Guest Columnist

Ten tax tips from a former IRS agent

This April 13, 2014, file photo shows the Internal Revenue Service (IRS) headquarters building in Washington  (AP Photo/
This April 13, 2014, file photo shows the Internal Revenue Service (IRS) headquarters building in Washington (AP Photo/J. David Ake, File)

With the tax season underway perhaps a few taxpayer tips from a former IRS agent, in no particular order, might be helpful to those preparing Form 1040 or meeting with an agent.

1. I often called on taxpayers who didn’t file a return due to lack of funds. That is a mistake. Late-filers are penalized 5 percent per month to a maximum of 25 percent. But if you file on time, even without a remittance, interest is calculated at 0.5 percent per month on the unpaid balance.

I had a case where a farmer went to his grave thinking he outsmarted the IRS. He had never filed a return and never paid any federal income taxes. Those omissions were discovered in the process of settling his estate. His farm was sold to pay delinquent taxes, penalties, and interest. His heirs received nothing.

2. You might draw extra attention if you prepare your own tax return, especially if you itemize deductions. Returns prepared by reputable firms are welcomed by the IRS as those companies are vigilant in protecting their reputations.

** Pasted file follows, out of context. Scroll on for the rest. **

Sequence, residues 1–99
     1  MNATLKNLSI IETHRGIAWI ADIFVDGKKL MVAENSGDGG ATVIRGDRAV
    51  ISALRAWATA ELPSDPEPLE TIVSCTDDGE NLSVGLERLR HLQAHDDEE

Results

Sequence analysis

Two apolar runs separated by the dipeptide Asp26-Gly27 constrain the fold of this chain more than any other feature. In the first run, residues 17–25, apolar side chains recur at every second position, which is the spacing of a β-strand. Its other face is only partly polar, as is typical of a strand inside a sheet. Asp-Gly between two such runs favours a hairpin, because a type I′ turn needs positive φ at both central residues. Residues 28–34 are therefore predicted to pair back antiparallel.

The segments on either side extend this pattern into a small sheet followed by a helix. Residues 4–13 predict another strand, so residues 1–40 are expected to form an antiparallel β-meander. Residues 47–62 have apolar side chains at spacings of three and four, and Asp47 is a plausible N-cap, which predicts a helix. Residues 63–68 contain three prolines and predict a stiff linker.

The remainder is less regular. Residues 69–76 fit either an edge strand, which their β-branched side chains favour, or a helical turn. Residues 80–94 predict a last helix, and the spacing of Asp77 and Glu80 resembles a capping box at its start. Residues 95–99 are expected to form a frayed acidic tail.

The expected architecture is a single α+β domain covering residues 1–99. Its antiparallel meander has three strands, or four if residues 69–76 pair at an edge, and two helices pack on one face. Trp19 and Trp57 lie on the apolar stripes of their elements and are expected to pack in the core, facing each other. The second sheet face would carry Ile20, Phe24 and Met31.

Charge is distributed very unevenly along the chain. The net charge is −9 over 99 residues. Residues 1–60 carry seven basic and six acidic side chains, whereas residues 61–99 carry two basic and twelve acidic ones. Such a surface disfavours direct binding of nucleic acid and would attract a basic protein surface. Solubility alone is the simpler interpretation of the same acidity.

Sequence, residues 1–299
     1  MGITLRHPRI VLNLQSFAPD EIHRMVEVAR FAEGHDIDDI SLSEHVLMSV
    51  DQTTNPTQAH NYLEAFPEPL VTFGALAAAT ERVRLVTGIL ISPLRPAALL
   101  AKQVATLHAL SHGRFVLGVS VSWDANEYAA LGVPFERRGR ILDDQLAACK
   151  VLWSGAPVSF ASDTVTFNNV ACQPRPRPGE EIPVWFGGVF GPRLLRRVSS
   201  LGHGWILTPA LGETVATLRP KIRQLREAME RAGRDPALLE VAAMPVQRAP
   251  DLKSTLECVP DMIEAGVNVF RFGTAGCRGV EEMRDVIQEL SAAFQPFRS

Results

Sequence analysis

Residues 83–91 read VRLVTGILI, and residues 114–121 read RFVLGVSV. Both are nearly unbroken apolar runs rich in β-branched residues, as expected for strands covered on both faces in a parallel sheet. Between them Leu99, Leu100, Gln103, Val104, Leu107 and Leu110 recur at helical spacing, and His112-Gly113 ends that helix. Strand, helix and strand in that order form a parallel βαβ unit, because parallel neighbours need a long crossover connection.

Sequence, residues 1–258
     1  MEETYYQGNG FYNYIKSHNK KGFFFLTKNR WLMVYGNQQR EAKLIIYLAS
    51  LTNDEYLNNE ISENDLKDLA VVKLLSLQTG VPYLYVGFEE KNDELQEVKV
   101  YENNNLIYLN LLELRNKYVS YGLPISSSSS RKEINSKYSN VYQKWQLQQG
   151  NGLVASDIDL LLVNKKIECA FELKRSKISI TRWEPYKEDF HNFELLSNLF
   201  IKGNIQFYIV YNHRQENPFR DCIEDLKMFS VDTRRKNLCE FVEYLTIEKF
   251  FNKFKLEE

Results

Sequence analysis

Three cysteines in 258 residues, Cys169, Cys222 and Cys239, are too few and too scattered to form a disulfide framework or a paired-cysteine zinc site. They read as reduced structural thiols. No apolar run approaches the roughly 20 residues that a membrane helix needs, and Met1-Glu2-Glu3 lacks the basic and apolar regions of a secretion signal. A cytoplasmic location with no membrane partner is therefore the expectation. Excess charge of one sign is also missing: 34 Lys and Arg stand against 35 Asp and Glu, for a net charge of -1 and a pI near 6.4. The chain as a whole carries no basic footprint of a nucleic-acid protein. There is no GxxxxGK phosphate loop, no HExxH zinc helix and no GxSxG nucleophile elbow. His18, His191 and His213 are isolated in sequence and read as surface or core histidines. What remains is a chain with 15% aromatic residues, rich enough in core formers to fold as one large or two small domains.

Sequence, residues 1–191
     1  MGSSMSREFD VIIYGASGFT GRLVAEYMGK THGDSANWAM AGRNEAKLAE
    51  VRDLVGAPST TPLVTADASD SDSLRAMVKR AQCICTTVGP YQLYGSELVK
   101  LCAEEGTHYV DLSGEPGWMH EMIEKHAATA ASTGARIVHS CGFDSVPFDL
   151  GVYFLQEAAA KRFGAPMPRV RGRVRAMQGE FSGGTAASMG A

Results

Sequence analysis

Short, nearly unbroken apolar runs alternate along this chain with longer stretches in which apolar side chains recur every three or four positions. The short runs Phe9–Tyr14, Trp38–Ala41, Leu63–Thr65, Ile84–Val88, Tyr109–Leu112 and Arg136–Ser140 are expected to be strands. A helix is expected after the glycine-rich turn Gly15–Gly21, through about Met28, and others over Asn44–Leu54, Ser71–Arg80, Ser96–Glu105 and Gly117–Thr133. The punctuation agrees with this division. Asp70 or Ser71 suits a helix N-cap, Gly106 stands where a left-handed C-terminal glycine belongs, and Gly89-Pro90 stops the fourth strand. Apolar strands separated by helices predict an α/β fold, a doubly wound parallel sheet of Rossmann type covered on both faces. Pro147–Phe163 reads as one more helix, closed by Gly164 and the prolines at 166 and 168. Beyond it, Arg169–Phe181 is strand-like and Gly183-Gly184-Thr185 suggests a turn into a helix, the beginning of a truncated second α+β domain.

Professional preparers who commit to representing you if audited do not anticipate such a result and are careful to avoid that possibility. On the other hand, beware of those who “guarantee” a refund. There is no way a refund can be determined until a return is appropriately completed. The “guarantee” of a refund is only an advertising gimmick

3. Pay close attention to the documentary forms you receive disclosing income from employers, banks, investment firms, etc. Duplicates are submitted by those sources to the IRS. Any mismatches or omissions when filing your return are easily detected by IRS computers.

4. If all your income is subject to withholding taxes, you probably won’t hear from the IRS. Ninety percent of my cases involved self-employed taxpayers who itemized deductions.